Selectively bred strains of laboratory rats that either prefer or avoid alcohol have been a mainstay of alcohol research for decades. So-called alcohol-preferring rats voluntarily consume much greater amounts of alcohol than do non-preferring rats.
Scientists at the National Institutes of Health now report that a specific gene plays an important role in the alcohol-consuming tendencies of both types of rats.
"This study advances our understanding of the genetics and neurobiology of alcohol consumption in an important animal model of human alcoholism," says Kenneth R. Warren, Ph.D., acting director of the National Institute on Alcohol Abuse and Alcoholism (NIAAA), part of NIH.
As reported online in the Proceedings of the National Academy of Sciences, a diverse team of scientists, led by David Goldman, M.D., chief of NIAAA's Laboratory of Neurogenetics, used exome sequencing, an approach that comprehensively analyzes the DNA that encodes proteins.
They found a severely dysfunctional form of the gene for a brain signaling molecule called metabotropic glutamate receptor 2 (Grm2), known as a stop codon, in alcohol-preferring rats but not in non-preferring rats.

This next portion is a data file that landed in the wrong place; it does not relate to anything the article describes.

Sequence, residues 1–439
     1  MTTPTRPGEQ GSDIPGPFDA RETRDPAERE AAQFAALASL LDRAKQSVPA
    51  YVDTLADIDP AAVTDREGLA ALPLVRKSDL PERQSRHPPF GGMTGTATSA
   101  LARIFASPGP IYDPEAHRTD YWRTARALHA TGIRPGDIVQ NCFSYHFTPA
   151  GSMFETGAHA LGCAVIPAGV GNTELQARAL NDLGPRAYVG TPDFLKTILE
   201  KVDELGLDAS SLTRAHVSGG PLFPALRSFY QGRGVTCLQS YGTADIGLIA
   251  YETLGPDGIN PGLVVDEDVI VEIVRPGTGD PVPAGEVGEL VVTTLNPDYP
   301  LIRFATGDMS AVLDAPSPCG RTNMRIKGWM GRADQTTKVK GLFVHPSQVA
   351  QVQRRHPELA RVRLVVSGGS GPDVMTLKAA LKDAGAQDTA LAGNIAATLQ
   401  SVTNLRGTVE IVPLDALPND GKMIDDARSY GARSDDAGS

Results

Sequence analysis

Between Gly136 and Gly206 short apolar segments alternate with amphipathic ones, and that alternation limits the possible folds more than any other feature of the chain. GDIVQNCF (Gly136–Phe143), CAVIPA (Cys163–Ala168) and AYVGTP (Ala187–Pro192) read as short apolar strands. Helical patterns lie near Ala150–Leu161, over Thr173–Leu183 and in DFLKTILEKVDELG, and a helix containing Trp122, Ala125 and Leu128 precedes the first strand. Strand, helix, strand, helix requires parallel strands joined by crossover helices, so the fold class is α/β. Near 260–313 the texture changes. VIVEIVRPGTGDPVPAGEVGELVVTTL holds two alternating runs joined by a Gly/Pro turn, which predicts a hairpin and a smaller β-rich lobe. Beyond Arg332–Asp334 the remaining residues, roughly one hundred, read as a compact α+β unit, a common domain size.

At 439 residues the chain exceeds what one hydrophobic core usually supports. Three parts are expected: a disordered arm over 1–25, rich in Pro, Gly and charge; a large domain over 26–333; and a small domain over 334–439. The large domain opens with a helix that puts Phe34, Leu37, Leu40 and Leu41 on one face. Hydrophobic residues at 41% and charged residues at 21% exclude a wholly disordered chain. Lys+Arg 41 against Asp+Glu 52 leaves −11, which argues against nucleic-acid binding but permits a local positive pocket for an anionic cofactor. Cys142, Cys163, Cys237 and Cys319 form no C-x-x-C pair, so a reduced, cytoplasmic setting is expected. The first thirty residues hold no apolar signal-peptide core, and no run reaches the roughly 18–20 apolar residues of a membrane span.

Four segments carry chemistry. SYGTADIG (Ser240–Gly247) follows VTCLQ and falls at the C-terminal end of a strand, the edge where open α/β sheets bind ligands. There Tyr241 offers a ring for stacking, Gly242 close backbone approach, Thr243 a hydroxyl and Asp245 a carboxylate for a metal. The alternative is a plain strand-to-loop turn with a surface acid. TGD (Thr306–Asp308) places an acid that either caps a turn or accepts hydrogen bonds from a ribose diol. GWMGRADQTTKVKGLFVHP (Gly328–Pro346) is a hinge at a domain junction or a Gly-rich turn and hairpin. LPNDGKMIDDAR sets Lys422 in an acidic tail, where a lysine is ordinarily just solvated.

The researchers then demonstrated that drugs and genetic changes that block Grm2 increased alcohol consumption in normal rats and mice.
"We've long known that genes play an important role in alcoholism," says Dr. Goldman. "However, the genes and genetic variants that cause alcoholism have remained largely unknown. This first discovery of a gene accounting for alcohol preference in a mammalian model illustrates that genomic analysis of a model organism is a powerful approach for a complex disease such as alcoholism."
The researchers say that using genomic techniques to detect genetic variants in selected strains such as the alcohol preferring rat could be an attractive strategy for identifying candidate drug targets to treat people with alcohol problems.
Dr. Goldman and Dr. Warren noted the pioneering work of former NIAAA director Ting-Kai Li, M.D., who developed and validated the alcohol-preferring / non-preferring rat model of alcoholism with colleagues at the Alcohol Research Center at the Indiana University School of Medicine, Indianapolis, before coming to NIAAA in 2002.
Since stepping down as NIAAA director in 2008, Dr. Li has been a professor of psychiatry and behavioral sciences at Duke University School of Medicine in Durham, N.C.
"I commend Dr. Goldman and his NIAAA colleagues on this important study," said Dr. Li. "It is gratifying to see that the alcohol-preferring/non-preferring model continues to provide a foundation for advancing the search for solutions to alcohol problems."